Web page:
This is the first in a new series The Duke’s Daughters by Ms Frampton, and focuses on Lady Eleanor Howlett who is the eldest of the family. One of her sisters has disgraced the family’s good name and image by running off with the dance instructor (how gauche!) and it’s now up to Eleanor to make a good marriage and restore the family to the good graces of the ton. Her parents have arranged a match with Lord Carson, a perfectly acceptable man with a good family name in need of the dowry she will bring. Eleanor just isn’t convinced she’s ready for the engagement and tells him she needs some time to accept his proposal and get to know him. Since Carson is a busy man and has no time to woo her, he asks his brother Alexander to take care of this for him.
Naturally Alex is the opposite of his brother and oozes charm and sensuality that no woman can resist. He’s tall and gorgeous, but he’s quite sure that he’s just a rake who has no interest in settling down. His first impression of Eleanor is that she’s pleasant but perhaps rather dim witted, since her eyes always seemed slightly unfocused when he’d met her previously. She quickly puts that impression out the window when they go out for a ride in the park, telling him that her mother won’t allow her to wear her spectacles in public which results in Eleanor squinting and unable to see anything clearly. She puts them on, and he’s instantly aware of her beauty (rather an opposite of the girls with glasses trope) and realizes that she’s really very well educated and they find many topics of shared interest. She tells him she wants to be “overwhelmed” so when she marries she’ll have something to look back on fondly. To begin this process, he takes her to a cricket match and ends up shirtless, which was very overwhelming indeed for Eleanor.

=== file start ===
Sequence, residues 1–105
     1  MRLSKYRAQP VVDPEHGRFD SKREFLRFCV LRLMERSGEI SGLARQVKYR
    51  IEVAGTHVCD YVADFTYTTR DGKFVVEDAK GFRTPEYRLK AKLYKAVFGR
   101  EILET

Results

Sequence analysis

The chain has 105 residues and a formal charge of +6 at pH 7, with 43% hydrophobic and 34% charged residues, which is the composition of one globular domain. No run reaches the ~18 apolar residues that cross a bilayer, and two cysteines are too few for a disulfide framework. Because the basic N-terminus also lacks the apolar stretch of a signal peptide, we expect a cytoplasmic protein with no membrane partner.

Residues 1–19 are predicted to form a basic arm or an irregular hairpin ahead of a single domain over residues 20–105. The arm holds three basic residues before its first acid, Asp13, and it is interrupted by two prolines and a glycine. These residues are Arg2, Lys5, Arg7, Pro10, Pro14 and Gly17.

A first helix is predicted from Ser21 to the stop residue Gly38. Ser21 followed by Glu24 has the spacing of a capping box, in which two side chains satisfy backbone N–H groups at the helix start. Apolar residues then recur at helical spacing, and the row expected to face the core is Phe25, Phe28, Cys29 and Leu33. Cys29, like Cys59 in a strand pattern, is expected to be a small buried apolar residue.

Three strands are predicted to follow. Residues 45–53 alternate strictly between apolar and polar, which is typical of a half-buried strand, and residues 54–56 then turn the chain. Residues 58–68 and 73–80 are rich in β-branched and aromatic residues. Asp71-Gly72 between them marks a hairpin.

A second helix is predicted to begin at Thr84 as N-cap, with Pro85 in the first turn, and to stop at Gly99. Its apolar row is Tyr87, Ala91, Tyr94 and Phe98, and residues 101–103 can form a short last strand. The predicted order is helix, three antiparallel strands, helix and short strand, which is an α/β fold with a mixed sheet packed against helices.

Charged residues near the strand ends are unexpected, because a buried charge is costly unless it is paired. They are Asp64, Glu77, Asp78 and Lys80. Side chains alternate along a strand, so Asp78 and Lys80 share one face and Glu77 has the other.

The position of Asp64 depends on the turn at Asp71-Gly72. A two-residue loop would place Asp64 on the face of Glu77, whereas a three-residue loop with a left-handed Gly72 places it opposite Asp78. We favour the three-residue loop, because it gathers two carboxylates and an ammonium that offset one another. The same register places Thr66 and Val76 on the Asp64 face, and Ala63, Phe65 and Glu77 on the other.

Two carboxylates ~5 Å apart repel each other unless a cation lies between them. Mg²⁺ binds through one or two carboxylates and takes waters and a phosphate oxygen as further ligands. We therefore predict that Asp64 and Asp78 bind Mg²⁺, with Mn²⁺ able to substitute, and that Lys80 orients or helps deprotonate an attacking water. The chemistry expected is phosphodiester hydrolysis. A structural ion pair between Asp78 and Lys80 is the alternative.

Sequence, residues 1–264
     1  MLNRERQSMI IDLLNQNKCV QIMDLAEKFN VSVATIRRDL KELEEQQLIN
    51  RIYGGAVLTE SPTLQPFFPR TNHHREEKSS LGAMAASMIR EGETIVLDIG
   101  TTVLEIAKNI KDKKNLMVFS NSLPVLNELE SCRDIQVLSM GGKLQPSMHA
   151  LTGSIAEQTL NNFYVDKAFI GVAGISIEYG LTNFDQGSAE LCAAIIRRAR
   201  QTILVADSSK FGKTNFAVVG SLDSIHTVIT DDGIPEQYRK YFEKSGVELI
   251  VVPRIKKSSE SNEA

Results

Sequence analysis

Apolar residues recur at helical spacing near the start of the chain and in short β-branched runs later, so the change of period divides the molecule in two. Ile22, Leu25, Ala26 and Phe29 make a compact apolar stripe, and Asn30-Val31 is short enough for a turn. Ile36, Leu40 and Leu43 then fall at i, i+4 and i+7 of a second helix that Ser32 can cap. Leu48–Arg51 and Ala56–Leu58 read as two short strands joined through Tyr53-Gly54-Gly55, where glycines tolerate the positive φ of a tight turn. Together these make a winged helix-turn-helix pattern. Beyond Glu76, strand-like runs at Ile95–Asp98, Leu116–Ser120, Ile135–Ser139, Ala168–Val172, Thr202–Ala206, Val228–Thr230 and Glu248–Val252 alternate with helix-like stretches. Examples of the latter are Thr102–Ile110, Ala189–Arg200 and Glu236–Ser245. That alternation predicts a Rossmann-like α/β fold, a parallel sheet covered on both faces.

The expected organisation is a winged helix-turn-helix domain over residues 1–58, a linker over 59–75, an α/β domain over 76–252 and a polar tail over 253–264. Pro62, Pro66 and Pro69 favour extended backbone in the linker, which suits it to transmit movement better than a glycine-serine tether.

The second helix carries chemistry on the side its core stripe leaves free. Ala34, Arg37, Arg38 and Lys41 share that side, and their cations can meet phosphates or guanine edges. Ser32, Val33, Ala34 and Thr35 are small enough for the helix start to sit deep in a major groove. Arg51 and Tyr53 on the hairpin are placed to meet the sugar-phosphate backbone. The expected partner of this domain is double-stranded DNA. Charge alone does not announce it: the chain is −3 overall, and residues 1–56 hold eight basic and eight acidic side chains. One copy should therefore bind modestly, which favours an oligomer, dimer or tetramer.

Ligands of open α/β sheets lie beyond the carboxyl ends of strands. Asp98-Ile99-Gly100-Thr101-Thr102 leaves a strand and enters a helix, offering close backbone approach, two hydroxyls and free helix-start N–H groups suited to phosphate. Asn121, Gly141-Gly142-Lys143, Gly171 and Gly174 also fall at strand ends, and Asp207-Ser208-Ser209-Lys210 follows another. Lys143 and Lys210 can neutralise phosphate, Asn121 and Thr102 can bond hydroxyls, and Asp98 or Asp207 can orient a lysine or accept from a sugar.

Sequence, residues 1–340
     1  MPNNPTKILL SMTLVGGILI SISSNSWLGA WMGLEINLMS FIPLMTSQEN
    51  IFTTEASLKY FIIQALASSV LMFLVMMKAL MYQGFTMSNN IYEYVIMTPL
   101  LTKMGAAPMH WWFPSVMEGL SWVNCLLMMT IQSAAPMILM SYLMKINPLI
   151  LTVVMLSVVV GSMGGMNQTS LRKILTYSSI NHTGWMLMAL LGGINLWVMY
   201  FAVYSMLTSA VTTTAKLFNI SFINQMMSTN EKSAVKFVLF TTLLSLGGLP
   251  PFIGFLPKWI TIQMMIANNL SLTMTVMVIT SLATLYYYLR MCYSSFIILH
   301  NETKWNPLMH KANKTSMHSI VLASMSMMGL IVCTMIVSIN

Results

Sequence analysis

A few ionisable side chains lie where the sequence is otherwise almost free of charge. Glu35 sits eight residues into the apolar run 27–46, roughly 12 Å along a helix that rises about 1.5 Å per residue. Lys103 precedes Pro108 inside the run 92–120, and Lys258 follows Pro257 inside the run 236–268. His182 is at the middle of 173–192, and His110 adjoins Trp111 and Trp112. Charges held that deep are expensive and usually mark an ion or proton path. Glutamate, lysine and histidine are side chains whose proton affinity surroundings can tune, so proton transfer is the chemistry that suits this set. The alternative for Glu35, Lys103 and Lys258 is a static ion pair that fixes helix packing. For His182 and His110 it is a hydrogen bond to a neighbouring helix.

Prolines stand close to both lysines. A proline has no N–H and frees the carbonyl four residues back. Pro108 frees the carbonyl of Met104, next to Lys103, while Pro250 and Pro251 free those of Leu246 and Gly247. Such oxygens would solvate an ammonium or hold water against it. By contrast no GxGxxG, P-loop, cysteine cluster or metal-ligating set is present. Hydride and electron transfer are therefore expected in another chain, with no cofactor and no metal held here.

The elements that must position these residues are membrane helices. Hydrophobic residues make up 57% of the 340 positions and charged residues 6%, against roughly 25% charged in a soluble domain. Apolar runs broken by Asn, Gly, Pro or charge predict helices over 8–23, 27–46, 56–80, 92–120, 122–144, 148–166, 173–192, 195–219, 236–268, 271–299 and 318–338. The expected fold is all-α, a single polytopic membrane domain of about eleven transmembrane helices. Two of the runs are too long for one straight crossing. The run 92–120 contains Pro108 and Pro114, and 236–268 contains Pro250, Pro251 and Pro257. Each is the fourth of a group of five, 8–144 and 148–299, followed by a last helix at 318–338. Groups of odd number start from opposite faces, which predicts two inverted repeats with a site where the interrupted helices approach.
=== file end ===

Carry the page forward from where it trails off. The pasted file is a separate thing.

It doesn’t take long, and their meetings become more and more intimate and there are some chapters with the two of them alone at a bookshop that are quite steamy! Now, of course, she is still spoken for, so their relationship is completely improper and they continue to make excuses to themselves over why they should continue. Eleanor knows in her mind that she needs to marry Carson to save her sisters from being unable to make good marriages, but in her heart she doesn’t want to lose Alex who really understands her. Then she receives a letter from her errant sister which pushes everything forward to the inevitable conclusion.
Overall, it was nothing new; in fact it reminded me very much of the Loretta Chase book Duke in Shining Armor which I just read (and which was done much better). Eleanor does come across sometimes as being ahead of her time, and I felt that she and Alex were afforded much more leniency to be alone together than was acceptable for that period, even if she was practically engaged. It’s not completely wallpaper historical, and your level of enjoyment may depend on how you feel about the illicit nature of their relationship; otherwise it’s light and frothy, and I liked Eleanor’s relationship with her sisters who will likely all get their own books in due course.